Let’s say you’ve nearly completely an animation but then decide you want to change some aspect of the character’s appearance… for example, longer torso, longer forearms, etc. This could be a very problematic and time consuming situation to deal with. Luckily Spriter Pro offers a feature to help make changing individual aspects of any given object easy.
Copying Individual Attributes of an Object to All Frames

Spriter Pro User’s Manual version 1.4

For this example, We’ll be taking the free example Spriter file called “Grey Guy” and changing the forearm images and bones in the idle animation to give him very long forearms.
Here’s how.
1) Load up the Spriter file in Spriter and click on the Idle animation so we can start editing on the fist keyframe at zero seconds in the timeline.
4) Once both forearm images are their new scale and saved over the originals, go back into Spriter and click the reload images button near the top right of the “files palette”. You’ll see the new forearm images, but they will now look too long.
2) Select each forearm bone and stretch the forearm until the new length is to your liking. Now click the forearm images and remember the number in the x scale attribute in the properties palette for each of them, as you’ll need this later. note: In this case we need to be very exact because we’ll be editing the image files to match the new scale. but if this is not needed, you don’t need to use the numerical settings in the objects properties palette.
3) If you don’t want the forearm images to be stretched to match the new size, and you want them to actually be  the new size, then, using your graphics program of choice, find the forearm images that are being used in the arms folder of the Spriter project, and scale them to the same percentile and in the same direction that you did in Spriter in step 2. For example, if the new scale of the forearm image in Spriter is 1.47, that means its 147 percent of the original size.
5) Now just select each forearm image ans switch their x-scale to 1 in the properties palette.
6) Now your changes look correct, BUT are only effecting the first keyframe at zero in the timeline. If you scrub to other key frames you’ll see things are a bit messed up. Don’t worry… here’s comes the part were we copy the new properties to all key frames.  Go back to the very beginning of the timeline (the very first key frame that has your proper changes.) Select each forearm BONE by left clicking it, then hold the right mouse button on a blank part of the canvas and select “Copy Selected Item Property to All Frames/ x scale”. Then do the same thing for each forearm image.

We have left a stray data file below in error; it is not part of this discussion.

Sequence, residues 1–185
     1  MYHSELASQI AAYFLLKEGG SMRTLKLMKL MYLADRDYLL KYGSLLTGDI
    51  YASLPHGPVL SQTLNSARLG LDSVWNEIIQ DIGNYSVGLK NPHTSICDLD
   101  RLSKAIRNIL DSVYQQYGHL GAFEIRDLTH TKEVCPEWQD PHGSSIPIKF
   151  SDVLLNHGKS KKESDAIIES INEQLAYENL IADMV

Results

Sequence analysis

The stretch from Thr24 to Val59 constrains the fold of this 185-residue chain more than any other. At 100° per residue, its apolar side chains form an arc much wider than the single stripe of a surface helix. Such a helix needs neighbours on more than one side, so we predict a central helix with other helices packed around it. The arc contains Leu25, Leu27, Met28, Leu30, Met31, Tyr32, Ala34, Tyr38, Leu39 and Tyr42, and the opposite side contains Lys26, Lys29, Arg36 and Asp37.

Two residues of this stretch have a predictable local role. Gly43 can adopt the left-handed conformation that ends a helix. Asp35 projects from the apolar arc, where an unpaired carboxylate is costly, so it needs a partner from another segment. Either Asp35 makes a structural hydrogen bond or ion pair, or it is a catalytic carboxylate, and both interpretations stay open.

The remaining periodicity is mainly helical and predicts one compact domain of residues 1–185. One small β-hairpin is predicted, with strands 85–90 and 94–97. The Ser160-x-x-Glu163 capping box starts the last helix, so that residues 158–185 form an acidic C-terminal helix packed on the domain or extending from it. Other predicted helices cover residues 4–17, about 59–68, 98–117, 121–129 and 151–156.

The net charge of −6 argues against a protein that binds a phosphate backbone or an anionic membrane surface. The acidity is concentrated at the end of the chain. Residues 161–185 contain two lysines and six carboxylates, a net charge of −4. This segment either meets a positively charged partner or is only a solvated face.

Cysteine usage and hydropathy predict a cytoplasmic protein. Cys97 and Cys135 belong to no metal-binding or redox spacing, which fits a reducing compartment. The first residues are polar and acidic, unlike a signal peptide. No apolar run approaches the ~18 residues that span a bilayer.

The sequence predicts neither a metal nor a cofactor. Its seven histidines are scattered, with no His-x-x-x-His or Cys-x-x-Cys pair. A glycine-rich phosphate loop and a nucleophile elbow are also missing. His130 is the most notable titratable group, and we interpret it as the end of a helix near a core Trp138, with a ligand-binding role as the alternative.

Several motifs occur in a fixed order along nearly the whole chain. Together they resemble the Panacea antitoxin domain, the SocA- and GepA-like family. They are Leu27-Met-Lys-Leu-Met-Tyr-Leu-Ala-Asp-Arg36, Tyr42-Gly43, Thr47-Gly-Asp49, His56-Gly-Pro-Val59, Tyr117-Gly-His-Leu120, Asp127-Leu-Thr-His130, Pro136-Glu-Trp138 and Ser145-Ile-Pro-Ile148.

7) We’re not quite done yet. Because each forearm bone also effects the child bones (hands) and therefore the hand images indirectly, we must do the same for the hand bones. Select them at zero in the timeline, one at a time, and choose the same option via holding the right mouse button on a blank part of the canvas and selecting “Copy Selected Item Property to All Frames/ x scale”
Once you finish this, if you play the animation you should see the new gibbon-like forearms are correct throughout the animation. NOTE: For this example, we almost could have multi-selected the forearm bones, hand bones, and forearm images once the first keyframe was perfect and then right clicked on a blank part of the canvas and selected “Copy Selected Items to All Frames”, because they don’t change any other attributes throughout this specific animation.  BUT, for animations where the forearms change angle or scale or image being used throughout the animation, we would have lost those changes in the respective keyframes.